Number 5, October 1979
Concert review: Ruthie & Rainbow Rhythm
September 19, 1979
Terry Wollman- guitar
Danny LaVictoire- acoustic bass
Ruthie Ristich- voice
David Greenberger has been exploring issues of aging and decline
as well as
our culture's avoidance of the subject since he started publishing
The Duplex Planet in 1979. Since then, the ruminations, conversations
and interviews which fill its pages have been collected into
books (Tell Me If I've Stopped, Duplex Planet: Everybody's
Asking Who I Was, Trees Breathe Out People Breathe IN) and
CDs (the most recent CD is The Duplex Planet Radio Hour
with music by Terry Adams of NRBQ). They've also been performed
as monologues, been the source of two documentary films and
adapted into comic books and a play. His stories and musings
are featured on NPR's All Things Considered. More information
about the Duplex Planet is available at the website: http://www.duplexplanet.com
Eglin: Thank you very much. I was gonna cry because I loved
it so much.
Caldwell: It wasn't bad. Pretty good. I could hear
it again sometime.
Hooker: Very good band. The singer, the star, she's
very nice, very attractive. And the orchestra she had there
was very nice.
Kondell: It was good, very good. Very good indeed. I appreciate
it. Thank you Dave. You're the head of it all. I did all
right today - bowling and a concert. Did I have a 60 or a
Colton: It was okay, good. It was watchable.
Brown: It was good. It was nothing out of the ordinary,
but it was reasonable. It was a nice little surprise to hear
Sears: It was all right. She's the girl that went to
the museum with us, ain't it? I was surprised. I heard
her make sounds when we had coffee at the museum but I didn't
think she could sing this. She's a good singer.
Very good. Good band. A damn good band. What, did they do that
I gave them a donation.
Would five hundred be a good donation? Or would a thousand be
better? I can make it a grand. What do you think? You know,
I'm worth millions. Do you think five hundred would be a good
Lagasse: The patients enjoyed you. We want you back.
Lavin: It was beautiful. I heard some before but I couldn't
pull it out of the bag. I couldn't say which bag.
Majors: It was very good. I like it very much.
Green: It was all right! Where'd they come from? I used
to sing Sweet Adeline. I was waving and she winked. I asked
her to play Sweet Adeline and she just winked.
George MacWilliams: It was very good, very good. I could hear
perfectly from here. I can't clap my hands like everyone else
so I don't want to look like a dummy or like I don't appreciate
it, so I stay away. It was very good, very good.
Thivierge: Very good. Very nice. I enjoyed that very much.
I want to thank you for wakin' me up and takin' me out there.
It was very good. I don't know how she does it, I honestly don't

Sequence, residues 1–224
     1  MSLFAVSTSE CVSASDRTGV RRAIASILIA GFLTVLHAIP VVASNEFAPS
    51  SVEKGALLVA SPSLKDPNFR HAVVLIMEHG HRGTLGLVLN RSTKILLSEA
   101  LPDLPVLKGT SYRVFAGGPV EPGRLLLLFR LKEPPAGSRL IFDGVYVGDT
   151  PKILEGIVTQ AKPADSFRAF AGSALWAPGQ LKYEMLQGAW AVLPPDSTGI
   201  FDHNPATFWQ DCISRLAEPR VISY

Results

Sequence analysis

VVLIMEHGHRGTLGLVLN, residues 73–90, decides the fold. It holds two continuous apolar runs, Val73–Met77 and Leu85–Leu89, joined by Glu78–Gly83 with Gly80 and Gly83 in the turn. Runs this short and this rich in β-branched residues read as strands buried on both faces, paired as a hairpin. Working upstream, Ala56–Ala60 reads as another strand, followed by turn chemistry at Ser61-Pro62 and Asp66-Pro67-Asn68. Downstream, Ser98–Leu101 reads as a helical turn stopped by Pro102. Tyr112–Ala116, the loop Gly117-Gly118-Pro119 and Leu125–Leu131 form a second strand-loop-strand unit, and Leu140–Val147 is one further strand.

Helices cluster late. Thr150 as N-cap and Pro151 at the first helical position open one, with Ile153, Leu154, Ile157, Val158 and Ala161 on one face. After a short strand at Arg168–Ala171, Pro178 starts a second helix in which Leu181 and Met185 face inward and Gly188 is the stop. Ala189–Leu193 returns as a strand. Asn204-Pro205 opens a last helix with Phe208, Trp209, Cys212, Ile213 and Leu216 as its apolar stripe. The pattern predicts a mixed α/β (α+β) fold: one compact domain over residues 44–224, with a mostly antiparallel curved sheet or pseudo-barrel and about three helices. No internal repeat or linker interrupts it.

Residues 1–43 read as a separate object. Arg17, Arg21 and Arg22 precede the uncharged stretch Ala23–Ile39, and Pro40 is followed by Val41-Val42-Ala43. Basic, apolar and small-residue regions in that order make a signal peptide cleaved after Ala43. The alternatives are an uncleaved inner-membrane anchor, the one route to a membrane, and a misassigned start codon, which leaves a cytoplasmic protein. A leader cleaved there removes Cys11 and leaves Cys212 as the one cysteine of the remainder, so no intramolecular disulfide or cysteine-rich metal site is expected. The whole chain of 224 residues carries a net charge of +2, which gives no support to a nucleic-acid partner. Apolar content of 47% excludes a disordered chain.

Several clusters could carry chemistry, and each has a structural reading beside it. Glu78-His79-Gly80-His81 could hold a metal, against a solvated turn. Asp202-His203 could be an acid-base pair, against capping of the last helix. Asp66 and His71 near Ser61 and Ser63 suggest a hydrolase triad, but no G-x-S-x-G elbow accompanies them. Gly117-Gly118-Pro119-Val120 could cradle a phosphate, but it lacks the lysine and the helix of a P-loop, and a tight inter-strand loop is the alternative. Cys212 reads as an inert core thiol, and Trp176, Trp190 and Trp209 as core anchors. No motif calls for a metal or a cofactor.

I says, "You've got a good voice and it would be a shame
to waste it so you take care of it," and she says, "I
will". And the other two were very good. I told them, "I
don't know how you do it." I like music very much.
Wallace: Hey is there any coffee left?
There wasn't any coffee.
What'd you have?
It was a concert.
Oh yea, I heard some of the music.
Kiernan: It was lousy. The Philharmonic in Salem, that's
good music. A blind man could do what they did. In fact, I knew
a blind piano player once.
Reagan: It was nice. I like that kind of music.
Ferguson: It was good. I could hear it pretty good. They
were singing loud.
Berkover: It was interesting. It's not the music I usually
listen to, but I liked it just the same.
McGinn: I loved that, believe me. I missed a piano, but
those boys are all right! They're swell. Damn good singer.
Eglin: Everything was perfect. I know bands. I know bands
from way back, for Christ sake. One of the best bands - there
used to be two of 'em - one of 'em was Chick Webb. He died.
He's the one who got Ella Fitzgerald started, way back in the
early thirties. And Jimmy Lunceford - he died, too. But these
kids wouldn't know about them. I don't think they were even
born then, it was the early thirties. These two were the best
bands at that time. And Cab Calloway came along with a pick- up
band - you could hire guys from different outfits.
there was Fats Waller. He died - early part of World War
II. What a great man he was. Best piano player I ever heard - and
FAT - oh Jesus was he fat!
there was Duke Ellington...Earl Fatha Hines - he's still
alive. Big tall man - he's taller than Surgecoff. But very
neat. But ugly! If he came in the door he'd scare the shit out
of you. If you were laying in bed and he came in and turned
the light on, you'd scream! I call him the Monster.
Now this band, they're very good. Let them stay the way they
are. They don't need to go and put a horn in there. Stay the
way they are. If they stay the way they are they'll do all right.
But they've got to spread themselves. They've got to go around
to the barrooms. But it'll be rough on them because they've
got the strippers in the bars now. They've got to keep pushin'
themselves, keep going. Get a sponsor, a manager. They gotta
keep ongoing. Maybe they'll end up with someone else in that
band - a horn player, and maybe they'll get a drummer in
there and a piano player. They're young. I want to see those
kids get ahead. And you can see she's had an education - you
can hear it - she's good. But she's got to keep going. Keep
learning. Keep pushing. She's got it but she can't stop now.
Keep going. Keep getting better and better.